Mission Statement

“Humanitarianism, Religion, Protest” seeks to generate
conversations and debates among university-level students and faculty around
the intersections of humanitarianism and religion. It is meant as a forum for cross-
campus dialogs and as a public platform for students and faculty to produce short,
accessible, yet insightful commentary on historical and contemporary instances of
religious and secular notions of the humanitarian good. Our goal is to intervene in
predominant U.S. imaginaries of global crisis that relegate “atrocity” and “religious
conflict” to the Global South, while producing the U.S. and its European allies
as humanitarian actors par excellence. Rather than pitting human rights and
humanitarian intervention against religious fundamentalism, then, we instead wish
to consider how religious affiliations and movements are in conversation with and
are themselves humanitarian actors, and how religious organizations may produce
alternate visions of justice and the common good.

About Us

Funded by a two-year University of California Humanities Research Institute-Luce Foundation Grant on “Religion in Diaspora
and Global Affairs” (2013-2015), our Humanities Studio seeks to put discussions
of humanitarianism and religion that take place in the university classroom in
conversation with such discussions taking place in the media and in politics. We not
only see this as an opportunity to develop innovative pedagogical methods, but to
disrupt existing understandings of what constitutes humanitarianism and religion
in mainstream U.S. media and public discourses.

Considering the important role that both religion and notions of the humanitarian
good play in shaping answers to the question of who should intervene into instances
of crisis and violence, and when to intervene, generating such a conversation is
timely and important. Our studio begins from the premise that the links between
humanitarianism and religion extend beyond the historical connection of religious
groups to humanitarian action. Indeed, campaigns that link humanitarian action
to the development of human rights can in and of themselves be viewed as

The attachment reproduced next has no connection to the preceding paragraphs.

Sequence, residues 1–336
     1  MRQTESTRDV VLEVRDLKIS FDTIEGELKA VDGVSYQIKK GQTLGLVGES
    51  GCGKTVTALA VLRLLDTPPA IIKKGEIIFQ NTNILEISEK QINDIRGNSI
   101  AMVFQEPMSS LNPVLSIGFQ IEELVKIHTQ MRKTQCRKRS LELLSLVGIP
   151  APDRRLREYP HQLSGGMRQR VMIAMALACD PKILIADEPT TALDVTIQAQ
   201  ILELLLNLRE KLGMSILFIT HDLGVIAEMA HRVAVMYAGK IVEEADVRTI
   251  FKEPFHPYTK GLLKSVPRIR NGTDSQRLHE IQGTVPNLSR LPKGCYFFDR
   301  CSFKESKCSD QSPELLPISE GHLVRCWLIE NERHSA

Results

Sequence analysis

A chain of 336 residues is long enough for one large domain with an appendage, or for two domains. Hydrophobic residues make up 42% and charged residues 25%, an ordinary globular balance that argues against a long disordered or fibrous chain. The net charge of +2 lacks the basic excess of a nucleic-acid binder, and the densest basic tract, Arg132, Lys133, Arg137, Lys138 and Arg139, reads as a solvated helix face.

evangelizing, demanding the world’s faith in singular notions of humanity, rights,
accepted values, normalcy and justice. Our group thus also wishes to highlight how
people protest against such singular notions of justice, and how religious affiliations
contribute to such modes of protest.

Features of the “Humanitarianism, Religion, Protest” Web Portal

The site consists of three components, all of which work in concert to create new
approaches to religious action and the humanitarian realm.

First, the site features original solicited articles, opinion, and editorial pieces
written by University faculty, students, journalists, and humanitarian actors. These
500-2000 word pieces can take various formats, such as interviews, commentaries
on existing news stories, reviews of documentaries, art exhibits, and new books,
blogs by authors of new books on the topic, or analyses of secular or religious
humanitarian organizations or interventions. From time to time, the site will feature
a cluster or pieces organized around a special issue or problem, to be curated by
individual members of the Humanities Studio core group.

Second, the site is an expanding archive that categorizes and provides links to
existing opinion and editorial pieces, critical and scholarly works, documentaries
and films, and art exhibits contending with the relationship of humanitarianism and
religion. The Humanities Studio members, their students and colleagues, and site
users will all have the opportunity to contribute to this archive-in-progress. All of
the archived sources can also serve as a springboard to generate discussion, and
might be the source about which students are asked to participate in an online chat.
Third, the site serves as an experimental pedagogical space by being the platform
through which students can learn in non-traditional ways. For instance, the site will
from time to time feature live feeds of talks happening at various college campuses.
We will also invite journalists and religious and secular humanitarian actors to
participate in live-chats with students. Finally, the site can allow students to work
collectively on group assignments across campuses.

All three components aim to generate networks among students and faculty
across campuses as a starting point for creating a broader, public forum for such
discussion. Moreover, the features of the site will juxtapose different and often
competing imaginaries of what humanitarianism is, and what its histories are (and
how these link to imperial legacies and the division between the religious and
secular realms).

While the site’s audience and contributors will initially consist of students and
faculty housed in the Humanities Studio participants’ home institutions, and
their existing academic and activist contacts, our goal is to eventually expand the
site to include participants from other institutions, the broader U.S. pubic, and
international audiences.

Humanities Studio Members:

Mariam Lam (University of California, Riverside)
Neda Atanasoski (University of California, Santa Cruz)
Natalie Avalos (University of California, Santa Barbara & Connecticut College)
Cecilia Lynch (University of California, Irvine)
Andrew Lam (New America Media)
Angilee Shah (Public Radio International)
Leshu Torchin (University of St. Andrews)



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